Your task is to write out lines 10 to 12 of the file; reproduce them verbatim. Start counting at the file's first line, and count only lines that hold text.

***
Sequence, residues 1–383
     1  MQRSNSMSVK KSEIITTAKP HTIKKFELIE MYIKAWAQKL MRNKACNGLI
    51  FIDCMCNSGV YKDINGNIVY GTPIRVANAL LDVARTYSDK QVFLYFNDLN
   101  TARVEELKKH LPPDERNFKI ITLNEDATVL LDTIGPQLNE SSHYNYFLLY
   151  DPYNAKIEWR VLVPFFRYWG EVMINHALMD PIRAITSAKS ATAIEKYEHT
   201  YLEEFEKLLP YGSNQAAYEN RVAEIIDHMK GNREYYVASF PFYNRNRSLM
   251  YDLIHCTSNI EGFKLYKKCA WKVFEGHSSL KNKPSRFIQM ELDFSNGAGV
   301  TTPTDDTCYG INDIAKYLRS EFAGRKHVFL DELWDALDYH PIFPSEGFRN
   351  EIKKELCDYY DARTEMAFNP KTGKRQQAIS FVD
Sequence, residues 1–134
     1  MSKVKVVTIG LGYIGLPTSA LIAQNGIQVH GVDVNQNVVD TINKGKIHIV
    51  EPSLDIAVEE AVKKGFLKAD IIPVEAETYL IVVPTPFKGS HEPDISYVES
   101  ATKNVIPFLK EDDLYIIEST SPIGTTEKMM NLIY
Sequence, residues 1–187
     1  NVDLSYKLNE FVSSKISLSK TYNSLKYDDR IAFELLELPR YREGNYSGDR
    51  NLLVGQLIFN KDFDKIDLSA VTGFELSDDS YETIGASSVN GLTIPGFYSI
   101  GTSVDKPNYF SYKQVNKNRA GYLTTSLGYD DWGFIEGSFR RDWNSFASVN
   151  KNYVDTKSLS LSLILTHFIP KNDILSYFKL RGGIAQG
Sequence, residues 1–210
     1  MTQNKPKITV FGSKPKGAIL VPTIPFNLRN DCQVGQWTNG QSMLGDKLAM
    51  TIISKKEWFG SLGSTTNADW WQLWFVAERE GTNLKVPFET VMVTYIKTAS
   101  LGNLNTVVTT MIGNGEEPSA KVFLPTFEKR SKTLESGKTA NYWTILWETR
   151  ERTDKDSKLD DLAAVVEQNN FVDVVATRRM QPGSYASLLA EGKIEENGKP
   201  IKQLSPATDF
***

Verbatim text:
Sequence, residues 1–134
     1  MSKVKVVTIG LGYIGLPTSA LIAQNGIQVH GVDVNQNVVD TINKGKIHIV
    51  EPSLDIAVEE AVKKGFLKAD IIPVEAETYL IVVPTPFKGS HEPDISYVES